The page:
A spruce top you would expect to be bright and whilst they can be tempered by darker back and side woods, I find that works less well with laminate back and sides. And so it is here as this is just far too 'one trick pony' on the brightness stakes for my ears. It's certainly a crisp sound when strummed, but I find the brightness turns a little confused and muddy with some strums rather than producing a cut glass sound. Hey, it works as a uke sound, but it's as generic when played as it is on looks.

Fingerpicking is a touch nicer as spruce gives a clear bell like chime to the notes which, despite the poor setup, seem to deliver higher up the neck too. The lack of sustain though brings me back to the 'one trick pony' reference as it's not delivering a great deal more played this way. Not much character here either. It plays notes, but not much more.

All in all, this is not a terrible ukulele and had I looked at something like this fifteen years ago it would probably stand out more than it does today. Nowadays though, ukes like this are ten a penny and many I have seen (including the Amazon only stuff) not only look like this but beat it on tone, play AND price. So, no, it's not a huge sum of money, but when you are up against such a wide range of alternatives it's hard to give it a recommendation.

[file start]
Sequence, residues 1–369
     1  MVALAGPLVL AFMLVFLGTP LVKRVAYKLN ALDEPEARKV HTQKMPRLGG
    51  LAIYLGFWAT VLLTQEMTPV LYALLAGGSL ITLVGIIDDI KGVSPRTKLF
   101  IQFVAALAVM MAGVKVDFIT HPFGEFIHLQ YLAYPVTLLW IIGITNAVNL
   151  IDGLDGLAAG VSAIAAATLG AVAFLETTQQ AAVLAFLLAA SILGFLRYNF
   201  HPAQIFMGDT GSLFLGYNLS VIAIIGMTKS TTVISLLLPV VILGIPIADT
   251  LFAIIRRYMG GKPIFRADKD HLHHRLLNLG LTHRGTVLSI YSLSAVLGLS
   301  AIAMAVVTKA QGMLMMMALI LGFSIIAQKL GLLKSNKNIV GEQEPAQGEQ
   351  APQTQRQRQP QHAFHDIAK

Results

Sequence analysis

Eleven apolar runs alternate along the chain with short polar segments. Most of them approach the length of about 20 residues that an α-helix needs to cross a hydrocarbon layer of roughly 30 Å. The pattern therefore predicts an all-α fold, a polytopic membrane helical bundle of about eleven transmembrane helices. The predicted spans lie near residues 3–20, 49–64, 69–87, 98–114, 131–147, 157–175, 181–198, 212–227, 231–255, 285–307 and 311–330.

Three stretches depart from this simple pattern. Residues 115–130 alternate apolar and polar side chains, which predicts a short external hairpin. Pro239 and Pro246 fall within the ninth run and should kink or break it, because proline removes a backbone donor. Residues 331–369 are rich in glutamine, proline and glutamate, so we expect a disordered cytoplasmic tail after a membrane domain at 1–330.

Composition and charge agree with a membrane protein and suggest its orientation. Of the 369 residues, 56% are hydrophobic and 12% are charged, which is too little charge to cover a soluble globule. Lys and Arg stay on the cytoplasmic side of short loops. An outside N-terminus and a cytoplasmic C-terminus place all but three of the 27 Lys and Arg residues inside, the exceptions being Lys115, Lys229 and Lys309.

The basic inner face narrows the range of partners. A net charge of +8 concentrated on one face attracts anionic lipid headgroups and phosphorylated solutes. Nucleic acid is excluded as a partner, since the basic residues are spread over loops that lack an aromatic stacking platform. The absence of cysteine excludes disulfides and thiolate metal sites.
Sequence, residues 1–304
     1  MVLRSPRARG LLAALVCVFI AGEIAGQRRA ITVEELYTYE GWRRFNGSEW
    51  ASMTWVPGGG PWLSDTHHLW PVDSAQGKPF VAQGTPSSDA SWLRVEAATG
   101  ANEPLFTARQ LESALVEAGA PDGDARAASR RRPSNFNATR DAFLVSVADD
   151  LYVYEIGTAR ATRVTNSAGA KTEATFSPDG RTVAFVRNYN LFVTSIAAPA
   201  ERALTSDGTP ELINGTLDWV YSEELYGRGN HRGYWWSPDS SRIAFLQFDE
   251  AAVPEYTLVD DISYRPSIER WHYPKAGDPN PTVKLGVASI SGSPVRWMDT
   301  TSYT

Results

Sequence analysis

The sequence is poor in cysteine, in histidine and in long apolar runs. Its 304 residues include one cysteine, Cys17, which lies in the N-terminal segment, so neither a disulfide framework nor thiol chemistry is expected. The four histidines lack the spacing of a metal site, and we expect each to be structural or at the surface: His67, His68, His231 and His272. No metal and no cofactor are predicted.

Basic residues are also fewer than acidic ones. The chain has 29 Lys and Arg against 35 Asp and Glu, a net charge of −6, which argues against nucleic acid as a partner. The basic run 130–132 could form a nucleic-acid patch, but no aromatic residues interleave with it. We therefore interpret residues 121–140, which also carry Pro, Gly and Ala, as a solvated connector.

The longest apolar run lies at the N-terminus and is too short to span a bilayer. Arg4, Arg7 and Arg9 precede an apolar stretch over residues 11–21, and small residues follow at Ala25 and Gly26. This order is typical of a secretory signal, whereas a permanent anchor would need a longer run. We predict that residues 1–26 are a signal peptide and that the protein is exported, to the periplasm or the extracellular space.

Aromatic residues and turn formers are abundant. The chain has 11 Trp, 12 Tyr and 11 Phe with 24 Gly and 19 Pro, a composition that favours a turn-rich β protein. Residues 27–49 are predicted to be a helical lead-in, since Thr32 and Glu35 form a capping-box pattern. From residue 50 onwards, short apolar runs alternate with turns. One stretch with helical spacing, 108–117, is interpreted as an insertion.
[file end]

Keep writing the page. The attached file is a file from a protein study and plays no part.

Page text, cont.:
That doesn't mean you made a mistake if you bought one, as it does work as a core uke. Just easily beaten. 

Time has moved on.


Model: GEWA Manoa M-CO
Scale: Concert
Body: Solid spruce top, laminate sapele back and sides
Bridge: Walnut, tie bar
Saddle: NuBone
Spacing at saddle: 39mm
Finish: Satin
Neck: Unspecified
Fingerboard: Walnut
Frets: 18, 14 to body
Nut: NuBone
Nut width: 34mm, 27mm G to A
Tuners: Unbranded open gears
Strings: Aquila
Extras: Gig bag
Weight: 490g
Country of origin: China?
Price: Circa £160


Generally sound build
Nice fingerboard edges
Decent enough tuners
Reasonable volume


Very generic looks
Several finish QC and setup issues
Thick top
Neck is not for my hands
Headstock looks cheap
Low sustain
Confused overly bright tone
Easily beaten on price


Looks - 8.5 out of 10
Fit and finish - 7.5 out of 10
Sound - 7.5 out of 10
Value for money - 8 out of 10